Blue Valentine (2010)

R   |    |  Drama, Romance


Blue Valentine (2010) Poster

The relationship of a contemporary married couple, charting their evolution over a span of years by cross-cutting between time periods.

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7.4/10
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  • Ryan Gosling and Michelle Williams at an event for Blue Valentine (2010)
  • Ryan Gosling in Blue Valentine (2010)
  • Richard Schiff at an event for Blue Valentine (2010)
  • Jeremy Piven at an event for Blue Valentine (2010)
  • Michelle Williams in Blue Valentine (2010)
  • Ryan Gosling at an event for Blue Valentine (2010)

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27 October 2010 | tjlarson_
9
| You will not see better performances this year
No matter what else is yet to be released, you will not see two better performances this year than Ryan Gosling and Michelle Williams.

It's almost impossible to imagine anyone in anything coming close. In the defensive, aggressive way he turns every line of dialogue around on the speaker as a hidden affront to his insecurities, Gosling reminded me of no less than De Niro in Raging Bull as the older Dean. Playing the younger version, he channels the charm, romanticism, and recklessness of a 1960s Paul Newman.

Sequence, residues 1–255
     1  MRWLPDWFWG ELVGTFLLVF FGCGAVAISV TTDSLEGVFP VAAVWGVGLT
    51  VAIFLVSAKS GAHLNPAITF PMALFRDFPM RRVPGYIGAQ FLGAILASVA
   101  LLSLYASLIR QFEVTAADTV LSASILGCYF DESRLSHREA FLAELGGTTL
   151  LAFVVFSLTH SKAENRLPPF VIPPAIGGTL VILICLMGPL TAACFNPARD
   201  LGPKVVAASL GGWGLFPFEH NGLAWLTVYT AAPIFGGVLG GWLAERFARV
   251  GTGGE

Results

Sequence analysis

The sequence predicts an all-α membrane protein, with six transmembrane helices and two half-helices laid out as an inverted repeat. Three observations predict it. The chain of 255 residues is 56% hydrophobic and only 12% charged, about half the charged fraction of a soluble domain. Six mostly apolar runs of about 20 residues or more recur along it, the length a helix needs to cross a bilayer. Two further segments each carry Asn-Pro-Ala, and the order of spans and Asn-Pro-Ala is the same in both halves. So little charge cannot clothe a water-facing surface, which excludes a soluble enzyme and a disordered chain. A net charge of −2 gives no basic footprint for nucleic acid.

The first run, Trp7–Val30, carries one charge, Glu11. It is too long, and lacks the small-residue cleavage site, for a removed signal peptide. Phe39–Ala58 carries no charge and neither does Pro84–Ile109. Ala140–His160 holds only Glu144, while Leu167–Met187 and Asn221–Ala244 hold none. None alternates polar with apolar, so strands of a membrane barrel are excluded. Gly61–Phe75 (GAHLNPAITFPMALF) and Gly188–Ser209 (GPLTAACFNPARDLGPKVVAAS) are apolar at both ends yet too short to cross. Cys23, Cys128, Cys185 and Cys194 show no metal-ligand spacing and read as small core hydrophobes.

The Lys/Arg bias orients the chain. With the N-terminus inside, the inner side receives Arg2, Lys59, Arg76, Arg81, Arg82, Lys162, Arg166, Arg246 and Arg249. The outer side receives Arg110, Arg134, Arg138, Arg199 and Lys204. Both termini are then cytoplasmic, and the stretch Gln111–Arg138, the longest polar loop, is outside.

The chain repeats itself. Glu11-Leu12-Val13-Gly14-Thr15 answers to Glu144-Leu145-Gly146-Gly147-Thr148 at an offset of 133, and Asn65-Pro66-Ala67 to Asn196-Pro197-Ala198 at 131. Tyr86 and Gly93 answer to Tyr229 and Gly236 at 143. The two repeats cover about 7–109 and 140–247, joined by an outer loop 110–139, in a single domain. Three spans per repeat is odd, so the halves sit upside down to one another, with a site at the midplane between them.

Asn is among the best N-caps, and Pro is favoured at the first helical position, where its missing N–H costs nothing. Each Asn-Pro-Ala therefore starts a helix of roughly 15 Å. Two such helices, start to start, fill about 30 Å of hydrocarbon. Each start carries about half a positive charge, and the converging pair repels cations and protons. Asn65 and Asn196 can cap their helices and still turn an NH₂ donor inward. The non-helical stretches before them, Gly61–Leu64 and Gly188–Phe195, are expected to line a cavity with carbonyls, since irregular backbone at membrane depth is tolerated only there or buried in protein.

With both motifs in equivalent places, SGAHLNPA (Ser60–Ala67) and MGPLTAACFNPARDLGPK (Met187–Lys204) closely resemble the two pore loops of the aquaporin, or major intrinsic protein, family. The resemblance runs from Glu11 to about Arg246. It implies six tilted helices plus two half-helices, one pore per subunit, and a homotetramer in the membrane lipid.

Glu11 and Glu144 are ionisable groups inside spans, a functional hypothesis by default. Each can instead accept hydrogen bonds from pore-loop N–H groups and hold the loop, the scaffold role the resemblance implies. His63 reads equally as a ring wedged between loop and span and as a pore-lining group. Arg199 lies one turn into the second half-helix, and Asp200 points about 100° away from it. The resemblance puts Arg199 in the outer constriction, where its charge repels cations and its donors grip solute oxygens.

Williams, who has emerged as the best American actress 30 and under, pulls off a performance that recalls Gena Rowlands' work with Cassavettes. Which is not to say either is an imitation, they aren't "doing method" or aping the authenticity of previous greats. They're 100% the real deal, so good you can only compare them to the best, and they fully embody these characters in every frame. They made me believe, they made me care, they broke my heart.

The story is a familiar one because it's the most common source of drama in life and art but avoids cliché and instead handles the subject with uncommon insight and grace. The lack of context scene-to-scene keeps the audience engaged and on their feet, filling in the intentional holes with their own experience and lending the film a universal relatability. In good times and bad, we can recognize our own triumphs and failures in love. It captures the joyous highs and devastating lows of relationships better than anything I can recall. Gosling singing while Williams tap dances, what she reveals to Gosling on the bridge and how he reacts, the scene in the doctor's office towards the end... they achieve that sense of cinematic transcendence so rare these days. They simply don't craft scenes like this or give actors roles this fully realized in Hollywood anymore.

It's clear this was a labor of love for all involved and it paid off in spades. This is the best American film I've seen this year.

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